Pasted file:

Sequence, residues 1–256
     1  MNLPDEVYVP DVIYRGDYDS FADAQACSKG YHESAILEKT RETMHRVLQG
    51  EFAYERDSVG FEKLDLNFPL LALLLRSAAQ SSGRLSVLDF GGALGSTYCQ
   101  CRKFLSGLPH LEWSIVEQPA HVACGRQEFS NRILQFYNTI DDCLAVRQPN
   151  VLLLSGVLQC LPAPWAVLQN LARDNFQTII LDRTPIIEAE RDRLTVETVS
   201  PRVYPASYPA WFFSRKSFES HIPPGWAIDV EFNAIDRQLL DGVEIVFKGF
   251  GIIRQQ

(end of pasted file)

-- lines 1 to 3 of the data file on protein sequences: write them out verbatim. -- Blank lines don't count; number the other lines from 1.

Sequence, residues 1–256
     1  MNLPDEVYVP DVIYRGDYDS FADAQACSKG YHESAILEKT RETMHRVLQG
    51  EFAYERDSVG FEKLDLNFPL LALLLRSAAQ SSGRLSVLDF GGALGSTYCQ